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Congress Examines Medical Device Safety: Key Issue for Older New Mexicans

March 19, 2012

ALBUQUERQUE, N.M. - This year, Congress has taken up the issue of faulty medical devices, looking at whether patients should have the right to sue for damages. In 2008, the U.S. Supreme Court gave manufacturers immunity from lawsuits for any medical device that received "premarket approval" from the U.S. Food and Drug Administration (FDA). Now, Congress is considering restoring some of patients' legal rights.

New Mexico attorney Lee Coleman, a partner at Bell, Hughes and Coleman, has worked on such cases. He says restoring patients' rights to sue helps keep manufacturers honest.

"When you take away the right of the consumer to hold companies accountable, historically companies will become more aggressive, and you'll see actions by the companies that harm consumers."

Medical device manufacturers say subjecting them to lawsuits could hurt their profits, which in turn could kill jobs. Coleman says the potential financial jeopardy from lawsuits is one factor that keeps corporations honest and forces them to focus on safety.

Congress has already considered measures like the Medical Devices Safety Act of 2009, which would have restored the right to sue in state courts. But it did not pass, even with more than 100 co-sponsors. Coleman says in today's polarized political environment, getting such a law passed could still be difficult.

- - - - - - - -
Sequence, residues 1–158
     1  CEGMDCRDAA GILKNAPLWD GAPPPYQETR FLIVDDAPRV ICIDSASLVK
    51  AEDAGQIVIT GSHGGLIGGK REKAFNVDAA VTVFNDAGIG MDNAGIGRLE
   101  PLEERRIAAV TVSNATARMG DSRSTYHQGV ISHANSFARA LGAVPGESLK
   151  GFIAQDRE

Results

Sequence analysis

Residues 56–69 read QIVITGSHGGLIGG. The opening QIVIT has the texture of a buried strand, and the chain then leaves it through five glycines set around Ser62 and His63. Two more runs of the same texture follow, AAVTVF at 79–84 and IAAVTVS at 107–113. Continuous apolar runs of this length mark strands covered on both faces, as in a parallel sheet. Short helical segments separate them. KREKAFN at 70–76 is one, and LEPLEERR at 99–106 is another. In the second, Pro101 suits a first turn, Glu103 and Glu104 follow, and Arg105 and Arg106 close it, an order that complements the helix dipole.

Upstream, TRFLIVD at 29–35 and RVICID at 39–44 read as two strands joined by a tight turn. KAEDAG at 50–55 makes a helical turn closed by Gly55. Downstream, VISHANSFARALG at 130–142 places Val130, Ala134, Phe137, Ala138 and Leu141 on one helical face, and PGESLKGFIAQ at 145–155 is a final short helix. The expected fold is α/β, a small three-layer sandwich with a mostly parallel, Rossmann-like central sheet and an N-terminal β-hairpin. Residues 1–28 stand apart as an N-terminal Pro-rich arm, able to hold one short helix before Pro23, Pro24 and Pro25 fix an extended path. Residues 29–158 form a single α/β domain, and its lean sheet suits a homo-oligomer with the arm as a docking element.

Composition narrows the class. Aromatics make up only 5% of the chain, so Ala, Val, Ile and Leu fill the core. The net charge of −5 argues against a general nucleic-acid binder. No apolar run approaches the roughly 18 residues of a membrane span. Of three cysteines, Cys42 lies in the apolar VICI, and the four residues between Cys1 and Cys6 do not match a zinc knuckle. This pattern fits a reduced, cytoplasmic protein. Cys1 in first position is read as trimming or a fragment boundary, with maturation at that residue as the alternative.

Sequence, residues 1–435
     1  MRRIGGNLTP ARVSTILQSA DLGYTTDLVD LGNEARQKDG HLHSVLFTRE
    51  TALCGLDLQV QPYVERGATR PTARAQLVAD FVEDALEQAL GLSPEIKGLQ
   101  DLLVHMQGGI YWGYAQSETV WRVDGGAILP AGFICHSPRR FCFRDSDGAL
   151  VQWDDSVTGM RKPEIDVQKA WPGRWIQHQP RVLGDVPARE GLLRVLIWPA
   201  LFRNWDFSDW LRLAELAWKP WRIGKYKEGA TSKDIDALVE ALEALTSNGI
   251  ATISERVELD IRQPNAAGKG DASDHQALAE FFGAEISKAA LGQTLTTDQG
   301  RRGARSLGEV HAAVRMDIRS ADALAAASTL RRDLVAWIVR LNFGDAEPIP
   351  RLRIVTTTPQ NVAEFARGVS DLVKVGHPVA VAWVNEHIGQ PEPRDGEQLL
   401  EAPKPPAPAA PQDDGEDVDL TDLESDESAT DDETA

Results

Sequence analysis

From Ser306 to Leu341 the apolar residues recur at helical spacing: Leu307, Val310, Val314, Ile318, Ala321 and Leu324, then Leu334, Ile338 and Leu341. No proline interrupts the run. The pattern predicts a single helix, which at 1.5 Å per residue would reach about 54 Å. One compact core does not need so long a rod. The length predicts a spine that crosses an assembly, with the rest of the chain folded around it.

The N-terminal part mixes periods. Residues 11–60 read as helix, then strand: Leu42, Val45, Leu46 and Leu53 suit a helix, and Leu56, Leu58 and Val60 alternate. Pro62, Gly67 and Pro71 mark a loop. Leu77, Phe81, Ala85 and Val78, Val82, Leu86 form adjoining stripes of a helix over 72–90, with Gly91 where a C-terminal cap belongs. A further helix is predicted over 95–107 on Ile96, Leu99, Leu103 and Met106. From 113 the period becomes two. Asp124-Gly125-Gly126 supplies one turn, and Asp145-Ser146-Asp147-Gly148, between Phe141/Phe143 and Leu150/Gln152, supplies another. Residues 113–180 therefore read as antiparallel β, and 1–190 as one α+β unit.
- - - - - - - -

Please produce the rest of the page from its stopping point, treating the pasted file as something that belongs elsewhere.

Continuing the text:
"The lobby for all the business interests, Chamber of Commerce, whatever it might be, is so strong these days that you're going to have a hard time getting that passed. I personally favor it. Whether or not it ever happens, I don't know."

Many in New Mexico may not realize the FDA does not do its own testing on medical devices before they are surgically implanted. Coleman warns it is dangerous to leave the testing only to the manufacturers, but acknowledges it would be impractical for the FDA to do it.

"In most situations, you want the company doing its own testing and the FDA reviewing it. I don't think you can expect the FDA to be able to hire enough people and experts to know how to test all these various products."

This year, consumer advocates are pressing lawmakers to strengthen another bill, the Medical Device User Fee Act, with more patient safety reforms, including conflict-of-interest rules and rules about advertisements for medical devices. The General Accounting Office says more than 700 medical devices are recalled every year.

Beth Blakeman, Public News Service - NM